Professor Jae-Hyung Lee appointed as AIChE fellow
Professor Jae-Hyung Lee from the Department of Chemical and Bimolecular Engineering at KAIST was appointed as a fellow in the American Institute of Chemical Engineers (AIChE). Established in 1908, AIChE is the largest association of chemical engineers worldwide, which now boasts more than 40,000 members from 90 countries. Following Distinguished Professor Sang Yup Lee from the same department at KAIST, Professor Jae-Hyung Lee is the second Korean appointed as a fellow by the organization. He has been acknowledged for his innovative research on the improvement of model predictive control of industrial processes. Professor Lee is the director of the Saudi Armaco-KAIST CO2 Management Center at KAIST, a fellow of the Institute of Electrical and Electronics Engineers (IEEE) and the International Federation of Automatic Control (IFAC), and a member of the Korean Academy of Science and Technology. He received the Young Investigator Award from the National Science Foundation (NSF) in 1994 and the Computing in Chemical Engineering Award from AIChE in 2013.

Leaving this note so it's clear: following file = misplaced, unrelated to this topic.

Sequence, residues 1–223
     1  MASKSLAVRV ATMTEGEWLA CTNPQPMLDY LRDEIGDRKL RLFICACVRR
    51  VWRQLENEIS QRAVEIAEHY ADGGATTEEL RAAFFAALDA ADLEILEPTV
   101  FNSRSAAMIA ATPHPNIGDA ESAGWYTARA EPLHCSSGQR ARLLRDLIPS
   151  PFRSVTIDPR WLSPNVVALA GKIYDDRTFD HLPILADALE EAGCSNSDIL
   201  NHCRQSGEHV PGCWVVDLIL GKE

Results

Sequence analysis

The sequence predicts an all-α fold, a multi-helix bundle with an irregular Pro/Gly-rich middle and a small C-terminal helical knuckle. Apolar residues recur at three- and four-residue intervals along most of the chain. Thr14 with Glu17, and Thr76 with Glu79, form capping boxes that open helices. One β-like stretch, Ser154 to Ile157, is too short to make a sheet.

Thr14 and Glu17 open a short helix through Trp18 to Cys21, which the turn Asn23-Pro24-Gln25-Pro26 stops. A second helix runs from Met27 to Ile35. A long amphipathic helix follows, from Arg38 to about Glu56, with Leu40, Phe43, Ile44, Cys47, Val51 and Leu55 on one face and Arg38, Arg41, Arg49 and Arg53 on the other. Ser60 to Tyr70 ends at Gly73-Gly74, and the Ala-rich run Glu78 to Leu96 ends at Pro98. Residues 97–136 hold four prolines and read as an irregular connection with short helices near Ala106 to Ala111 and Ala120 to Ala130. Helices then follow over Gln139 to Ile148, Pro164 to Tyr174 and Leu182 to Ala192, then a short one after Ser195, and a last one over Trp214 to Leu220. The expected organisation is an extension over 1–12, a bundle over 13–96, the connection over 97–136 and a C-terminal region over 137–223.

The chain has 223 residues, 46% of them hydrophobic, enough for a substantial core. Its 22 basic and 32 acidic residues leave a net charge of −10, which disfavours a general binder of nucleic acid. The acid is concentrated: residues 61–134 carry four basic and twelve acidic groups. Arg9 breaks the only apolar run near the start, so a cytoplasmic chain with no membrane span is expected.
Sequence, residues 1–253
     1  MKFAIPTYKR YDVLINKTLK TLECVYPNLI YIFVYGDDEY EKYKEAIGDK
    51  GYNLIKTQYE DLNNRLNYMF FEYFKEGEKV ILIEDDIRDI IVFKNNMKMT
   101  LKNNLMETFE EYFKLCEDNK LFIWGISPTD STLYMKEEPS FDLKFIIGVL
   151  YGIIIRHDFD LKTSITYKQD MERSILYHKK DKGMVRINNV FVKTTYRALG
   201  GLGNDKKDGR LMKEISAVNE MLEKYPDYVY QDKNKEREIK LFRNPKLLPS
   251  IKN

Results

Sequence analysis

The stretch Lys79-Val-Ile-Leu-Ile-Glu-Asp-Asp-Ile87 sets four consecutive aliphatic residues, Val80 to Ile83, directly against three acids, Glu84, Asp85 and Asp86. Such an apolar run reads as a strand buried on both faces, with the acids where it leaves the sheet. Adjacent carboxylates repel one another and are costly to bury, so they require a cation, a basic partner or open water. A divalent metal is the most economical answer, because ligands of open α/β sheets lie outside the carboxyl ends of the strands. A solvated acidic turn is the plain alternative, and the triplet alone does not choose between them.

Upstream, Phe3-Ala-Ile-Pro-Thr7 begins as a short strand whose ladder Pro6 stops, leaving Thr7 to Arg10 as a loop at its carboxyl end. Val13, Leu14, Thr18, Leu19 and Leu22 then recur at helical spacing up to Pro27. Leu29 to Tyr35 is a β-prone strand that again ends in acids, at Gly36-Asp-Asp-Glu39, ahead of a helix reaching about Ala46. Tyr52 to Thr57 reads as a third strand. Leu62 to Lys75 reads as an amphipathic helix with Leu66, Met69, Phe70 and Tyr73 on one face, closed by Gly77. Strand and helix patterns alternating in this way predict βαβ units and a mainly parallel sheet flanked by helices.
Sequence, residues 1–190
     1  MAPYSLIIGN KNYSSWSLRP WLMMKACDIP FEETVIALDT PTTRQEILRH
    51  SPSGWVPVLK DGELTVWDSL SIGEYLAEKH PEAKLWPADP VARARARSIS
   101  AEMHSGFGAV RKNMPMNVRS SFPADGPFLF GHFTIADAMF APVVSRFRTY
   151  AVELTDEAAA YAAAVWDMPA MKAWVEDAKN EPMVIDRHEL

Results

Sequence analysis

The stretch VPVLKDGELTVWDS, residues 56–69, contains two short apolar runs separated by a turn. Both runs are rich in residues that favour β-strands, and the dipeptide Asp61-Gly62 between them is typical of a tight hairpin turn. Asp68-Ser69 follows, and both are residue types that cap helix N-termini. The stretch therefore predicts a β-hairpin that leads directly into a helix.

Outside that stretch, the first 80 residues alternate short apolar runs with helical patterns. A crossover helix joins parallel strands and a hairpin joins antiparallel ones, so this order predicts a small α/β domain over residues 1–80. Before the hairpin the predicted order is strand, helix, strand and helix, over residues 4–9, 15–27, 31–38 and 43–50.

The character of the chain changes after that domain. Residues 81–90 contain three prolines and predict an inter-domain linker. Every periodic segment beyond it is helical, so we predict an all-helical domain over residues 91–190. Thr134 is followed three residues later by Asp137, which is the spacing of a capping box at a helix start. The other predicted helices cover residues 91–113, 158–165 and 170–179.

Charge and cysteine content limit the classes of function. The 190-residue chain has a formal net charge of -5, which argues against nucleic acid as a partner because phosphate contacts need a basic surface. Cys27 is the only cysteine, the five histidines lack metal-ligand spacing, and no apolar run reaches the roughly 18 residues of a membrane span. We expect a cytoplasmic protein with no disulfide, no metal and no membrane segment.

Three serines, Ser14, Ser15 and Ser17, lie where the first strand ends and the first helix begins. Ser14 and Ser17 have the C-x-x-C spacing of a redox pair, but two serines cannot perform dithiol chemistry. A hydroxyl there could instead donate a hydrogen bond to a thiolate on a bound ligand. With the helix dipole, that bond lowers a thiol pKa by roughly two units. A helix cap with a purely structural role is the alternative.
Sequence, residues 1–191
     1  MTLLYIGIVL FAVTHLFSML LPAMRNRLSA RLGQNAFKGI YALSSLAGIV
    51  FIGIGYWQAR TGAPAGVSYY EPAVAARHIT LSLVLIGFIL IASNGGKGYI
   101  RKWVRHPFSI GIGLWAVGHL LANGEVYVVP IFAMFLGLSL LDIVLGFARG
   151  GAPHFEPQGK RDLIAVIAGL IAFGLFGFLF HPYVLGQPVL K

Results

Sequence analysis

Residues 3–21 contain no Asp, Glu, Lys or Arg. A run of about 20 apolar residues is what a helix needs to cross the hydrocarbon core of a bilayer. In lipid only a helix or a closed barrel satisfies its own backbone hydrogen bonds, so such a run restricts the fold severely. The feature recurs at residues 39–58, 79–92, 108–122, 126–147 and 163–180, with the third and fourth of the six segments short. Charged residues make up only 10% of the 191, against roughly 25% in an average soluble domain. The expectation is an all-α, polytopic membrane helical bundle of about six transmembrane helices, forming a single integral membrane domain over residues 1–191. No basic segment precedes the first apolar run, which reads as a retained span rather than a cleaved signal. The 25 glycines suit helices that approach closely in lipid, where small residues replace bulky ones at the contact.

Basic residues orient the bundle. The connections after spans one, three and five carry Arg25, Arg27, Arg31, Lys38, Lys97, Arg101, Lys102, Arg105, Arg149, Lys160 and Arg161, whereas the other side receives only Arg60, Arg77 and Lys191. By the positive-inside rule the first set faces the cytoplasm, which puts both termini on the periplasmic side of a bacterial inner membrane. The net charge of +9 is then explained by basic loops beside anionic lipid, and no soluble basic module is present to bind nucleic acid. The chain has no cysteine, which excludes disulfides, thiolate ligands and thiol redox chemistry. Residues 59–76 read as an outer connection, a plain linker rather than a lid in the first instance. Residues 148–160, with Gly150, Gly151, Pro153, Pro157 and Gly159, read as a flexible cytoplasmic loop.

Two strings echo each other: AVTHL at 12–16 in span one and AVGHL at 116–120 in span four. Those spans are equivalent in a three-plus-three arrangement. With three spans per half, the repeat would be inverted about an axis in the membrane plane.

Professor Jay H. Lee to receive the 2013 AIChE CAST Computing in Chemical Engineering Award
Professor Jay H. Lee of Chemical and Biomolecular Engineering Department at KAIST has won the 2013 Computing in Chemical Engineering Award of AIChE"s CAST Division (AIChE, American Institute of Chemical Engineers and CAST, Computing & Systems Technology Division). The CAST Computing in Chemical Engineering Award, sponsored by The Dow Chemical Company, is annually given to an individual who has made outstanding contributions in the application of computing and systems technology to chemical engineering.Professor Lee has been recognized for his pioneering research contributions for “novel paradigms for much improved and robust model predictive control in industrial processes.” He is currently the Head of Chemical and Biomolecular Engineering Department and Director of Brain Korea (BK) 21 Program at the department. BK21 is the Korean government’s initiative to support the growth of research universities in the nation and foster highly trained master’s and doctoral students as well as researchers. The CAST Computing in Chemical Engineering Award will be presented to Professor Jay H. Lee at the CAST Division dinner to be held at the AIChE Annual Meeting this November in San Francisco, where he will also deliver the after dinner lecture associated with this award.